Circumcision in Judaism



What does Judaism teach about circumcision?

In the Jewish religion, the rite of circumcision (brit milah) is performed on the eighth day of a boy's life. The ritual usually takes place in the morning at the family's home. There is no parallel practice for girls, and "female circumcision" has nothing to do with Judaism.

Circumcision is commanded in Genesis 17:10-14, which is in the narrative arc of Abraham, as an outward sign of a man's participation in Israel's covenant with the God of Israel, as well as a sign that the Jewish people will perpetuate through him.

According to Jewish beliefs, the commandment is incumbent upon both father and child - fathers must see that their sons are circumcised, and uncircumcised grown men are obligated to perform the rite. Those who are not circumcised suffer the penalty of kareit, no matter how otherwise observant they may be. Perhaps in part for this reason, circumcision is the mitzvah most likely to be observed by otherwise non-observant Jews.





The Practice of Circumcision

Circumcision is so important that it may be performed on the Sabbath or another of the Jewish holidays, despite prohibitions of drawing blood on those days. Yet the ceremony may be postponed for health reasons, and then it cannot be performed until seven days after a physician has declared the child healthy. If this occurs, the rite cannot be performed on the Sabbath or holiday, because there is no longer sufficient reason to violate the general law of the holy days.

Circumcision is performed by a mohel, an observant Jew who has been trained in the relevant Jewish law and surgical techniques. In most traditions, circumcision performed by a physician is not valid even if a rabbi is present, although the Reform movement has begun to accept them. It is a preferable to have a minyan present for the ritual, but it is not necessary. Only the father and the mohel must be present, but the mother and the godparents (kwater and kwaterin) are usually present as well.

The preparation

During the ceremony the child is held by a person designated as the sandek, who is usually a grandparent or family rabbi. An empty chair is set aside to symbolize the presence of the prophet Elijah, who rebuked those who had forsaken the ritual. He now presides over all circumcision ceremonies to ensure the continuation of the ritual.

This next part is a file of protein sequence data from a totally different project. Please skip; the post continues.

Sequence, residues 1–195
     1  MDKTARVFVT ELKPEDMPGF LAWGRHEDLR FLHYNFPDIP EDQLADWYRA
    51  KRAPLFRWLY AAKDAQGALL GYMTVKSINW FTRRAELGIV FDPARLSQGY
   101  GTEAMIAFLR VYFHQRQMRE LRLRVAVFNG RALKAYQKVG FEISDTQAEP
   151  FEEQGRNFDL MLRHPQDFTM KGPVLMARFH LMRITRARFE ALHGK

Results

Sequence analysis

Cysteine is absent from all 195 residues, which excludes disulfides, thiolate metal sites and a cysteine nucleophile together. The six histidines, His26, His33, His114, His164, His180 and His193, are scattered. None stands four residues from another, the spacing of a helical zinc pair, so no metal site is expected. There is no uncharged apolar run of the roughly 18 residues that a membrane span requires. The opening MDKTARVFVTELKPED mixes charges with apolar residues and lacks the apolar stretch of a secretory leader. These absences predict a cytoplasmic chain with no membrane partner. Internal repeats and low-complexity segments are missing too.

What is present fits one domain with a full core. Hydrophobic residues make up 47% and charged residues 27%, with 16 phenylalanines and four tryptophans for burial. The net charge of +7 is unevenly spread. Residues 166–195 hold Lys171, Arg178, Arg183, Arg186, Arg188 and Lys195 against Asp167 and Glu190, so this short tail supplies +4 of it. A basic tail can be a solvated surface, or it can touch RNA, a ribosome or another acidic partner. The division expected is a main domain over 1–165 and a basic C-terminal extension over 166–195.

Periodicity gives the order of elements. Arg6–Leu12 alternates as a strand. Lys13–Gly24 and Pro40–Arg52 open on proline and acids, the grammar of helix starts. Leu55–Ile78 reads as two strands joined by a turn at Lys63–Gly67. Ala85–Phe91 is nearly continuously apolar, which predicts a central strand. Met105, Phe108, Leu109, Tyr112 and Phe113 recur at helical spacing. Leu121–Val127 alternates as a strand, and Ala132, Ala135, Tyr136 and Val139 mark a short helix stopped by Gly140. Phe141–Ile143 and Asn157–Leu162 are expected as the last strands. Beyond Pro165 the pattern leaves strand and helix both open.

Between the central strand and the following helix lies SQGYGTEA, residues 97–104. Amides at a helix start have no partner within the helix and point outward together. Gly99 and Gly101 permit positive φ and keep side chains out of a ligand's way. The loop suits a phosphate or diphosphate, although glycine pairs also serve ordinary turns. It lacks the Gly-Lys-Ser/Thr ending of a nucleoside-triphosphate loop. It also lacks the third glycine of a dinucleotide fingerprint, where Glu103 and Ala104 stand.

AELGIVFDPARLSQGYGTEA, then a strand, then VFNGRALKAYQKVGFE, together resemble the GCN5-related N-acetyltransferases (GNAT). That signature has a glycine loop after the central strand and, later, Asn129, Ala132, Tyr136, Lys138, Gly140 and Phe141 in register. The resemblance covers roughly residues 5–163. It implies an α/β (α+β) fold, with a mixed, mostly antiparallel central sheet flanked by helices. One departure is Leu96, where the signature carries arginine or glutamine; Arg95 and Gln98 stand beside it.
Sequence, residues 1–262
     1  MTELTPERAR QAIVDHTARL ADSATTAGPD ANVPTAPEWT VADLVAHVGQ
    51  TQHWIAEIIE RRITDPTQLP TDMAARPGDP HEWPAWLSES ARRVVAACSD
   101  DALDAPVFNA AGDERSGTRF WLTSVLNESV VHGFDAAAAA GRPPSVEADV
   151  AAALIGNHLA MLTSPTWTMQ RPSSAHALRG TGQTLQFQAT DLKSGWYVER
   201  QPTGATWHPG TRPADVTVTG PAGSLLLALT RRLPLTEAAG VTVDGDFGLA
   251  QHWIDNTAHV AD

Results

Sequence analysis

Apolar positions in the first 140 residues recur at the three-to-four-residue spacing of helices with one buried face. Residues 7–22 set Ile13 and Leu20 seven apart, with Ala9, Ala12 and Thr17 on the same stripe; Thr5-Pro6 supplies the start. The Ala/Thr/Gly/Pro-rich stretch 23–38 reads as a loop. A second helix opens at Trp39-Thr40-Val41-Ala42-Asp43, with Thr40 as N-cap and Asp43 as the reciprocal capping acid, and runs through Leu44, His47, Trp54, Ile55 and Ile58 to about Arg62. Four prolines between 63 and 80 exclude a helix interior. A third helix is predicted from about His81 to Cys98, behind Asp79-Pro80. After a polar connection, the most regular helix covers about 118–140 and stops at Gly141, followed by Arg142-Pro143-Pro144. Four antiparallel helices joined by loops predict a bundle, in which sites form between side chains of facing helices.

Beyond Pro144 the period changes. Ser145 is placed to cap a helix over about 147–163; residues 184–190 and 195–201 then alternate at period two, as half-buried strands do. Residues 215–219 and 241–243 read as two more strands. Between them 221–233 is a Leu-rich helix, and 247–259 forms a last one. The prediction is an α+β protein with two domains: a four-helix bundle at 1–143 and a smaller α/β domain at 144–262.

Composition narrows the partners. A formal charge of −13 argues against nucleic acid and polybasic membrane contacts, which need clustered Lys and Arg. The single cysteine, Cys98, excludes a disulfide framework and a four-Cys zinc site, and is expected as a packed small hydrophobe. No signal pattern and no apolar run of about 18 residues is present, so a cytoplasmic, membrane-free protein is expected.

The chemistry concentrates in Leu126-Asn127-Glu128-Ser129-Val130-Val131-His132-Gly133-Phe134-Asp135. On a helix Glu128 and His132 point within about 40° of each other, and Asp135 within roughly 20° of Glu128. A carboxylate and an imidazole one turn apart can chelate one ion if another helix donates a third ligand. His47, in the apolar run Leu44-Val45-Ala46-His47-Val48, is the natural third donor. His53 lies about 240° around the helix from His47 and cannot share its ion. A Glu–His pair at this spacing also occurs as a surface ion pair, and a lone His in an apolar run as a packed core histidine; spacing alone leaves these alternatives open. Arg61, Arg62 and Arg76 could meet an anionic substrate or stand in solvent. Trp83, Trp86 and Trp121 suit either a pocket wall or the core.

The infant may be given a couple of drops of wine or some local anaesthetic to ease any pain. The mohel recites benedictions of circumcision, then the father offers the blessing:

Blessed are You, Adonai our God, Ruler of the Universe, who has sanctified us with your commandments and commanded us to bring him into the covenant of Abraham, our father.

Any guests present say, "Amen," and then give the blessing:

As he entered the covenant, may he enter into the study of Torah, into marriage and into the doing of good deeds.

The procedure

The procedure itself, which is very brief, then takes place with the sandek holding the infant in his lap. Afterwards, the child is bandaged, dressed, and given a name. The mother and father will often say a few words about the significance of the name. The event will usually be celebrated by a festive meal hosted by the family.

If a child was previously circumcised in a religiously invalid way, or born with no foreskin, the same ceremony is held but with only a symbolic pinprick of the tip of the penis. This ceremony is called the hatafat dam brit.

In recent years, circumcision has become something of a controversy, with some people denouncing the practice as unnecessary or harmful. {1} However, this is a medical issue, not a religious one. Very few Jews are convinced by those who believe circumcision to be mentally or physically damaging, and as far as it being medically unnecessary, it was never practiced for that reason. Like many mitzvot, circumcision is performed simply because God has commanded it and any practical benefits are secondary.

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Notes

1. Opponents: Circumcision Resource Center and Mothers Against Circumcision. Supporters: International Circumcision Resource Centre. For a lighter perspective, see "Ode to the Circumcised Male," by a Jewish pediatrician.